Solutions designed to monitor a stack, the sum total ecosystem of all the IT hardware and software necessary to run daily operations, are nothing new. What is new, however, is the idea of stack monitoring as a lightweight software-based solution. A Santa Barbara-based vendor named LogicMonitor is offering a monitoring system that delivers on that idea.
We got the opportunity to take a demo tour of LogicMonitor’s flagship offering with CEO Kevin McGibben. Here are our takeaways.
Central to LogicMonitor is the Collector, a little piece of Java. The installation process consists of installing a Collector onto a server or virtual machine somewhere on the stack that needs to be monitored. And that’s it.
A Collector can be directed to monitor the performance on any batch of devices inside the stack that the administrator assigns it to. Multiple Collectors can be installed according to the admin’s needs (at no extra cost).
Installation points aren’t limited to an on-site internal stack either. Collectors can be freely installed across the various different stacks, including co-located servers and cloud deployments, which comprise the greater whole of the organization’s digital operations.
LogicMonitor the company is the product of founder and chief product officer Steve Francis. The story behind the eponymous product’s origin is not all that dissimilar from many in business software. As a system administrator at various places including National Geographic Society and the University of California system, and later as an IT consultant Francis ran into friction points in a number of key areas:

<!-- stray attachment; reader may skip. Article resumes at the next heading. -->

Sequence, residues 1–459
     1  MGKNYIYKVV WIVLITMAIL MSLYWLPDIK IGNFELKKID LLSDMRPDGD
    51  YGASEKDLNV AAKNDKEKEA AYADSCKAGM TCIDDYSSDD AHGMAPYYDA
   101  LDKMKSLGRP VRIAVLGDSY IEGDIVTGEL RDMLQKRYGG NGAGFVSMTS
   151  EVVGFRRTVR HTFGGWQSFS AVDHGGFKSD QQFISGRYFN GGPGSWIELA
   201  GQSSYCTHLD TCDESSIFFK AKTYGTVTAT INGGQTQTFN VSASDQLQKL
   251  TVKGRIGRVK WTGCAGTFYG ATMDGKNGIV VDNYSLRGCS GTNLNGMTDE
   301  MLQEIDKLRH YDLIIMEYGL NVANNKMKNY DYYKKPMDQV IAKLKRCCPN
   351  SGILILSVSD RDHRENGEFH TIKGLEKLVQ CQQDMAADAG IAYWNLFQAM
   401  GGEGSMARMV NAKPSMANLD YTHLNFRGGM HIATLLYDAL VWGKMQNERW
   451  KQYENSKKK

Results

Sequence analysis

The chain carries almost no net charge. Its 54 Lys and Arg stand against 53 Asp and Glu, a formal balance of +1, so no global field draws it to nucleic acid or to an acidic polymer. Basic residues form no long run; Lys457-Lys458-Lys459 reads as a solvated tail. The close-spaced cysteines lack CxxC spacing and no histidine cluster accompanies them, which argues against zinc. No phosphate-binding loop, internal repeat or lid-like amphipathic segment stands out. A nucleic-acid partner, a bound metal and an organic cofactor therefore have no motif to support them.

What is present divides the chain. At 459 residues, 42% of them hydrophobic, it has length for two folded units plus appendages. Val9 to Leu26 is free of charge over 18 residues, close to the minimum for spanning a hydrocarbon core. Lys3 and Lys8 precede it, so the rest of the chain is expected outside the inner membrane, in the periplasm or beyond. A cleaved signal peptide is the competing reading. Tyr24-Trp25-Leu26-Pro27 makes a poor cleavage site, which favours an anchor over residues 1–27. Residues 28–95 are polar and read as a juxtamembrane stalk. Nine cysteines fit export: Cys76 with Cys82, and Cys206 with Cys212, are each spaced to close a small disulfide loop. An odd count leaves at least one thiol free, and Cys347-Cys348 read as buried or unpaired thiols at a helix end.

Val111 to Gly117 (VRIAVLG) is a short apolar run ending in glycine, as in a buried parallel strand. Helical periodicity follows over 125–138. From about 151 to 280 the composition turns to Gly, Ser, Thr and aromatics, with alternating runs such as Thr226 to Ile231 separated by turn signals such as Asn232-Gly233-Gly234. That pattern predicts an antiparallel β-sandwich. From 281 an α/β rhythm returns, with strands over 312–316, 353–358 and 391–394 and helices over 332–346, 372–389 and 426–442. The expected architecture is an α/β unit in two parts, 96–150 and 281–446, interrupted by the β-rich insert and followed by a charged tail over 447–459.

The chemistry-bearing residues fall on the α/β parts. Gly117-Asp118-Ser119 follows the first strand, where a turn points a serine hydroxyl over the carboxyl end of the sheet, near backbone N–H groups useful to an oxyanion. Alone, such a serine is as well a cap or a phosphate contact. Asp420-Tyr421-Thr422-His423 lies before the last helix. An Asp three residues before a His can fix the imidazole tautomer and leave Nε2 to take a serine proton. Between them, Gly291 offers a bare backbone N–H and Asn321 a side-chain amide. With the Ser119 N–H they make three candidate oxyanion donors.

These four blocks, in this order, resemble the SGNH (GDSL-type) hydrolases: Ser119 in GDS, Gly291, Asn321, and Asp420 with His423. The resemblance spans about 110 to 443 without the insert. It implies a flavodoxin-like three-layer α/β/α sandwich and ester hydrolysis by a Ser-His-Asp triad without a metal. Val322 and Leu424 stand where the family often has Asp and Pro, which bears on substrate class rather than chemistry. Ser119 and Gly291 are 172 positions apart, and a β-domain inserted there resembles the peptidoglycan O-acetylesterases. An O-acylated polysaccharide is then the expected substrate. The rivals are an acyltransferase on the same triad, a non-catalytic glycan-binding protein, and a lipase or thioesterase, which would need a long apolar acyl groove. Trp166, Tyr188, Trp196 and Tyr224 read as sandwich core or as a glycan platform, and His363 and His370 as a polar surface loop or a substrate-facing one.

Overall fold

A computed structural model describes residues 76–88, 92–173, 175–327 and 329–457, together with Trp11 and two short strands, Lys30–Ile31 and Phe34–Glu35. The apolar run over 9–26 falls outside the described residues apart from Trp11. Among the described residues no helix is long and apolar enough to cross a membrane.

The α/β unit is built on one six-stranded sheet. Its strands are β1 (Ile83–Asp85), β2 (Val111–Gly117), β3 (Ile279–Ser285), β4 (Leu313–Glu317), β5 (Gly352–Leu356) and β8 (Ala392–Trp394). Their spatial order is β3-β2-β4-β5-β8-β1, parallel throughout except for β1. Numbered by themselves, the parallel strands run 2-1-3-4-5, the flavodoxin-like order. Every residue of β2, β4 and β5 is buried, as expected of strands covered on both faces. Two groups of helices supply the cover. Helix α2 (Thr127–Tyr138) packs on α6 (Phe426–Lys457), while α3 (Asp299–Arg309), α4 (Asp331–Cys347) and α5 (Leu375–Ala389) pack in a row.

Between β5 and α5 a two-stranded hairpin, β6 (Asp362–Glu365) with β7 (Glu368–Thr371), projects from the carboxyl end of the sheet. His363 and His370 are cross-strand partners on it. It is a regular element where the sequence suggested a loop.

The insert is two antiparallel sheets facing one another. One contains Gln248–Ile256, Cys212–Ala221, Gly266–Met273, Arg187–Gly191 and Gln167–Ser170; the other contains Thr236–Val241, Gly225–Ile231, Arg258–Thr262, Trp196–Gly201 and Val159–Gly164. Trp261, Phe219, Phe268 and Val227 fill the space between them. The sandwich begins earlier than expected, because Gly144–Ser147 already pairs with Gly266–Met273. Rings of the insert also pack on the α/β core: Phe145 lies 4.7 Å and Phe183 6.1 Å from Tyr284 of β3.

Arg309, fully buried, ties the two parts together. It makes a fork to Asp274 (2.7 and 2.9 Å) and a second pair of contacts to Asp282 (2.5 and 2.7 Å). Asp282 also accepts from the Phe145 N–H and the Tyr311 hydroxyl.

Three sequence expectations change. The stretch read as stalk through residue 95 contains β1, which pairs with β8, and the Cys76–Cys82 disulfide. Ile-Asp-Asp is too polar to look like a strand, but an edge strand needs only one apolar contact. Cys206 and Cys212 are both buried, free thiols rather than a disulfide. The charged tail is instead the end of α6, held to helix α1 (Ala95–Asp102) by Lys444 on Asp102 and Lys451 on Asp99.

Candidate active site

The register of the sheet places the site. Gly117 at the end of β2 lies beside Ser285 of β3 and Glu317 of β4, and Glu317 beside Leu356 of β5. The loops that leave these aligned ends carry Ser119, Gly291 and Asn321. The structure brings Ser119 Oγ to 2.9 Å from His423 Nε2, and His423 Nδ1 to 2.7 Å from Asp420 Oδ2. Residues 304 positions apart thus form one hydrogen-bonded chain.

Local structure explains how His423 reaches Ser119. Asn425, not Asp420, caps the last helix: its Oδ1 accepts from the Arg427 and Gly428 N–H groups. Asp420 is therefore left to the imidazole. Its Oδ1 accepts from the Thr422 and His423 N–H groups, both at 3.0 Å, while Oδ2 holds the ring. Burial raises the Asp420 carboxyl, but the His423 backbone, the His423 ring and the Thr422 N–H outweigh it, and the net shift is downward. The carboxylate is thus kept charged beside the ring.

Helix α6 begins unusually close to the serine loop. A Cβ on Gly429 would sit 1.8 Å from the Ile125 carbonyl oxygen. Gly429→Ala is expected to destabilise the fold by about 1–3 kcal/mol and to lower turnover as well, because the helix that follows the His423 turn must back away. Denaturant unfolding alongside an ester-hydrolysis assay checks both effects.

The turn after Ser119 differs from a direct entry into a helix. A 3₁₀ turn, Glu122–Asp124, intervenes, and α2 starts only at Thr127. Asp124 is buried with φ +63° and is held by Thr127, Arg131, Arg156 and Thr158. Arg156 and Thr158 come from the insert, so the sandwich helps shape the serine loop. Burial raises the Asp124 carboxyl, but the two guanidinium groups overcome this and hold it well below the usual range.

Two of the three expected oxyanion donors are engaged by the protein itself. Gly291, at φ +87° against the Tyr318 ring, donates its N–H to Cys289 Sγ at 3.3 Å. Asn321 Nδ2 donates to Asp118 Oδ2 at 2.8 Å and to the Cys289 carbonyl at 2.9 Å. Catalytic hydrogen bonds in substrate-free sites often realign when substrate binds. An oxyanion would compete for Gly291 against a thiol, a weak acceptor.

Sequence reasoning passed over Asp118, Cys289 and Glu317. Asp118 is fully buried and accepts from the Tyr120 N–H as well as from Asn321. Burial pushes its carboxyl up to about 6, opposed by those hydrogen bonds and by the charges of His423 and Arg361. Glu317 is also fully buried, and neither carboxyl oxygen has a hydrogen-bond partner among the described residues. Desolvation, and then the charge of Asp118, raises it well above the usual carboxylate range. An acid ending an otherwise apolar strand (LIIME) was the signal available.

By slaving everything to laborious manual inputs on the part of the system administrator, a stack is rendered open to any number of human error-related issues; devices not being registered and running unmonitored, several months’ worth of network audits being inaccurate since not every device is accounted for, bottlenecks and breakdowns tied to issues with devices that could have been caught months earlier.
The kicker is that a lot of times those issues aren’t even the result of gross negligence on the part of the administrator. As Francis puts it in his manifesto for LogicMonitor, even good sysadmins are imperfect. Changes to network configuration can come fast and furious, especially when a technical issue is afoot, and it’s very easy to miss something in the midst of that kind of crunch.
One of the coolest features of the Collector is the automation of device discovery and configuration, meaning LogicMonitor automatically detects when new devices and/or elements are added to the stack and configures them so that they’re integrated into the system monitoring straight off the bat.
You might remember a time when a new mouse wouldn’t work immediately upon plugging it into a USB port on a PC. Instead the user would have to install the device drivers off a disc first and then configure and calibrate the device before it could be used. Applying the same logic to setting up the bits and pieces of a server, the idea of automated discovery and configuration to boot is exciting. The potential in time saved and potential gaps sealed alone is impressive.
Between plug-and-play device integration and a surprisingly transparent pricing scheme for its basic edition, LogicMonitor seems to be hitting the sweet spot between consumer-y accessibility and providing automation that actually addresses a true IT issue in a way that’s equal parts novel and economic.
Looking for more information on specific IT management solutions? Your next step should be to take a look at our exclusive Top 10 IT Asset Management Software report. If you want to find out more about LogicMonitor, our Q&A interview with CEO Kevin McGibben goes live next week.